Available options

As you can see it’s not the rocket science. I created the first JobGroup and add a description. After that, I chose All jobs as the value of the Jobs to include. You can choose between the following option:

  • Jobs and Folder marked for Inclusion (you can specify the Job Group Name here)
  • All Jobs
  • Jobs included in Folder (you can choose one of your existing folders)
  • Jobs included in a View (you can choose one of your existing folders, also you can use regexp)

At the Priority option, you should set the default priority for all of the jobs from JobGroup, but you can also use the globally configured level. Use additional rules when assigning a priority to a Job is optional, not needed, but that is exactly the place, where you should look if you want to manipulate the priority of the job you want to run. The second Priority Strategy is shown only for you, just to take a look at the possible options. Use the Priority from Build Parameter is the one we just want to set. At the Build Parameter Name field, you should specify the name of the parameter you add to your Jobs. In my example, that parameter is named JobPriority.

Job configuration

Now we can move on to the Job Configuration. Only one thing we should do is adding the new String Parameter with the same name as the parameter specified above. Yes, that is all. So, let assume that we have an existing job. Go to the configuration and add a new parameter:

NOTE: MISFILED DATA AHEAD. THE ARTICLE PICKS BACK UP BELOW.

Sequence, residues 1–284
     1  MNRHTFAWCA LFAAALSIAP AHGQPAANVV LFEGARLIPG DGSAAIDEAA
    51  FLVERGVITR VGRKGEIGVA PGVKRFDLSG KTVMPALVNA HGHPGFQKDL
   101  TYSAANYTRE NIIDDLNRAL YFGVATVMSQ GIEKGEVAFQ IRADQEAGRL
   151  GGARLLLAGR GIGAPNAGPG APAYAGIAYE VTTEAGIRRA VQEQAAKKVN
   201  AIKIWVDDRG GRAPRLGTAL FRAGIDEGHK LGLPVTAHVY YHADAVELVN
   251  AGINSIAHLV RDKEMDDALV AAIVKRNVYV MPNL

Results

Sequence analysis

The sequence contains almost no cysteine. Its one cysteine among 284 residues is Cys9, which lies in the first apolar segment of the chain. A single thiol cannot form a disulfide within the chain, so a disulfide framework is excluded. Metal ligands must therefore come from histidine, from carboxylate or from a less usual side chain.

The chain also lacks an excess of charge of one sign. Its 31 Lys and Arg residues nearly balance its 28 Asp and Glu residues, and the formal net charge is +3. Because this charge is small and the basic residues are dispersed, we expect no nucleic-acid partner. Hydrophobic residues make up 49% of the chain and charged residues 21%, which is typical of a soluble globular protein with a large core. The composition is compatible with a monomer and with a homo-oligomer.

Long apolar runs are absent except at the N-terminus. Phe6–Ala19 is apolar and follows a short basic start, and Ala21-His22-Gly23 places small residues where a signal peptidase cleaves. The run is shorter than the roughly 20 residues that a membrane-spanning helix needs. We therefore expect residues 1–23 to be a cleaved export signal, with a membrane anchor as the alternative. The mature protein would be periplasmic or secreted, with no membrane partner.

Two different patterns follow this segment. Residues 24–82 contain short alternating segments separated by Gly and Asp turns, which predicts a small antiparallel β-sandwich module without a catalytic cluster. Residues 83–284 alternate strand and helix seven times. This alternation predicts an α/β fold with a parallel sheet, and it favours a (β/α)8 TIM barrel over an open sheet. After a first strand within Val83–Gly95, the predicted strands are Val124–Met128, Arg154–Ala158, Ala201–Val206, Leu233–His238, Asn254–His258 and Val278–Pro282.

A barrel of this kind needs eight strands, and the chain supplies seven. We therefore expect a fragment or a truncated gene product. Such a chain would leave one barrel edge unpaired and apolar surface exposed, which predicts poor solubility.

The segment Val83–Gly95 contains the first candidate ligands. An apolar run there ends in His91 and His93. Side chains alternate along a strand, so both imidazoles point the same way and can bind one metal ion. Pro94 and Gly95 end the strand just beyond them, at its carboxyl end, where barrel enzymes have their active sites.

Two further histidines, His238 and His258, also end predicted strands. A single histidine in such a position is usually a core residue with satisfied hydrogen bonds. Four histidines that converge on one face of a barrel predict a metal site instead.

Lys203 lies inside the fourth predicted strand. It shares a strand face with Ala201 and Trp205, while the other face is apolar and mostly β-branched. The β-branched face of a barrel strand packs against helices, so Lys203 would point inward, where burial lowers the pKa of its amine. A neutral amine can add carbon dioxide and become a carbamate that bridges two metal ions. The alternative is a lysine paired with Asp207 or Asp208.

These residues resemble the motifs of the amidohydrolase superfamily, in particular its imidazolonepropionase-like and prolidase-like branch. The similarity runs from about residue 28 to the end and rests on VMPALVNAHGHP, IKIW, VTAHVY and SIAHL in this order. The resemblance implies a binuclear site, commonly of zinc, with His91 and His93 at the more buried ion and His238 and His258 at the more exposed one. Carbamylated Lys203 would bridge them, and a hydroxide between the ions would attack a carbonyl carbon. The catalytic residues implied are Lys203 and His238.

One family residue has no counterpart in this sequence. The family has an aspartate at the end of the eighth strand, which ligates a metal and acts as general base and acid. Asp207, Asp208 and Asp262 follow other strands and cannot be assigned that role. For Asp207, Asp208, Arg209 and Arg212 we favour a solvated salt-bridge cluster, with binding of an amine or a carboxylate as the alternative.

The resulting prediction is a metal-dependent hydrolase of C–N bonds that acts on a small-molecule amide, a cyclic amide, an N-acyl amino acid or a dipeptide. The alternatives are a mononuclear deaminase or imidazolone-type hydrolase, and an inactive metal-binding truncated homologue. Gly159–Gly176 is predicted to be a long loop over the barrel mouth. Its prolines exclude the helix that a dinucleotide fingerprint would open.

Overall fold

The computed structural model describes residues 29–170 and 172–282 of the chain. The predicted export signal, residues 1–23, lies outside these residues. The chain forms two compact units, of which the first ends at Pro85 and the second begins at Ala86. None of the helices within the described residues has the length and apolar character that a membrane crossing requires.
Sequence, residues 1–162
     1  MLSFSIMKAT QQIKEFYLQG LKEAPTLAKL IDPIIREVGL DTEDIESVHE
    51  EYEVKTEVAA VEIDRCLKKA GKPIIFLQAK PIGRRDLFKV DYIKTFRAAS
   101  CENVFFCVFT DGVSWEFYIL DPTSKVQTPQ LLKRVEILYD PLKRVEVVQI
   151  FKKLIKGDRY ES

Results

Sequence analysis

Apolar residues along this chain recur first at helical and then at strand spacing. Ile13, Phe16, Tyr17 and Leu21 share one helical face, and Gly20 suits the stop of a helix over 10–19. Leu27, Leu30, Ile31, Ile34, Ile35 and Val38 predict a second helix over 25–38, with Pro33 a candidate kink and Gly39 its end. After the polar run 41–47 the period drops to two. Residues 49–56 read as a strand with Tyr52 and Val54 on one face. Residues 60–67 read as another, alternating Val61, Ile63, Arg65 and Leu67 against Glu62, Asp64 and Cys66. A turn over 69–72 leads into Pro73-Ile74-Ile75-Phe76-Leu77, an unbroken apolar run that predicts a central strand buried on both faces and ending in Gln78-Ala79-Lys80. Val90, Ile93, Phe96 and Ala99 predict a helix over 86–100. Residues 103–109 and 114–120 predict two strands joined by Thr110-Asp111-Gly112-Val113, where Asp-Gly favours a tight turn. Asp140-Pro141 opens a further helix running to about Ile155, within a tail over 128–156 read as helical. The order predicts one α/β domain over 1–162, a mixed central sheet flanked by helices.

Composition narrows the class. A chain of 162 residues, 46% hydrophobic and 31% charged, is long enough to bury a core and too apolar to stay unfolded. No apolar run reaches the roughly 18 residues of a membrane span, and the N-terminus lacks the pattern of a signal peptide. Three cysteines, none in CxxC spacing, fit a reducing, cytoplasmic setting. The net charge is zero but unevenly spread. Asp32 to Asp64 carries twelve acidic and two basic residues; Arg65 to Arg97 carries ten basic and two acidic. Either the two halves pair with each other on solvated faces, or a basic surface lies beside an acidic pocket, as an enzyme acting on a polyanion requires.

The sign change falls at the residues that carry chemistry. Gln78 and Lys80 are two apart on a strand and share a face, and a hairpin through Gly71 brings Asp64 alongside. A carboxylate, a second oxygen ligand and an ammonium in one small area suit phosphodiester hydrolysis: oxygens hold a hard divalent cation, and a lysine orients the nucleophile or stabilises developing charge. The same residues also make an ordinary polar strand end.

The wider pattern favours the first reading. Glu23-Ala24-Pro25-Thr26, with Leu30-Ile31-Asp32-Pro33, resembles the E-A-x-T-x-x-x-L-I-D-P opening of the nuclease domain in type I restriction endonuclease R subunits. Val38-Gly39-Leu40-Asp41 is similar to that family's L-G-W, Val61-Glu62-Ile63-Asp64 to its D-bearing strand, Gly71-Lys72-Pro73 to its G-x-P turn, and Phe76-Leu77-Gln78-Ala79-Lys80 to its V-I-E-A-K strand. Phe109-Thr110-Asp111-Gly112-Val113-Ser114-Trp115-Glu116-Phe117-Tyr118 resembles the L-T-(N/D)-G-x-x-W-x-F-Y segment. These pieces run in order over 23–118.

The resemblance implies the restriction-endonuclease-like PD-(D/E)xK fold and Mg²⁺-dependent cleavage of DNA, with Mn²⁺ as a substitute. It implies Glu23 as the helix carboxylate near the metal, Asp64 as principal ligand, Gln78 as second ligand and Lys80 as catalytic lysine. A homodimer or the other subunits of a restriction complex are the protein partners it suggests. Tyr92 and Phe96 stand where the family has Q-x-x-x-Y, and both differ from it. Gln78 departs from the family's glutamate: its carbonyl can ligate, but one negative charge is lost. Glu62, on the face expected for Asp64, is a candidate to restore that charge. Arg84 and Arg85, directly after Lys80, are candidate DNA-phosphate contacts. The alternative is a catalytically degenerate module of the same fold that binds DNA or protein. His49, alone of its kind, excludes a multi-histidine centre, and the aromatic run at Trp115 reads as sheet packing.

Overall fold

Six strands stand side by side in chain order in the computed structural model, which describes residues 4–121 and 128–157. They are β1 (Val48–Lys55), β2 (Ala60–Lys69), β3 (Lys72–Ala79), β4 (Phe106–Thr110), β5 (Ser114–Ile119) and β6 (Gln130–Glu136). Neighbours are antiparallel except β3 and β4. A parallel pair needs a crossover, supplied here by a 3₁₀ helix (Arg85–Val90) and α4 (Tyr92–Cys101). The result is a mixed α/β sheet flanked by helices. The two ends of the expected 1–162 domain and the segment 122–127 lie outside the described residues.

Jenkins job priority parameter

or if you use DSL:

With this parameter, you can change Jenkins build priority even when other jobs are in progress. But please remember about one, probably the most important thing:

This plugin adds the ability to assign different priorities to jobs: the lower the priority a job has, the sooner the job will run.

If you do not forget this rule, your life will be much easier with the possibility to specify the Jenkins build priority. Now just start the job, assign priority you want and enjoy your new toy. 😉

5 Replies to “Jenkins build priority”

  1. Hi, is there any other option or plugin that need to be set?
    In my case it doesn’t work. I tried also “Jobs and folders marked for inclusion”.
    The result is alwasy the same – FIFO.

    1. Unfortunately, I don’t know if there’s another option – I’ve been using this plugin since the beginning and it works even for nested jobs and folder. Are you sure that you have a properly configured plugin? I have only one group (“All jobs” included) and default priority is set to 3 (exactly like on the screenshots) and it works perfectly. Do you use a lower number to set a higher priority? Because lower number == higher priority.

      Did you try to add multiple jobs to the queue (veeeery long jobs, maybe some test jobs with sleep in bash script) and see what’s going with the jobs in the queue (and if they start as expected or not) when you set 1 priority and 5 priority (assuming that you created five degrees)?

  2. I’m assuming that you only cover the configuration part, but how do I update the priority itself?
    Suppose I have lots of queue running, and I want a particular job to be prioritize, do I have to manually trigger the job with low priority value on the JobPriority parameter?

    1. It depends on how do you normally run your job – if you use a parameter in a job with the prioritization, you may just pass the value from the upstream job or in any other way. 🙂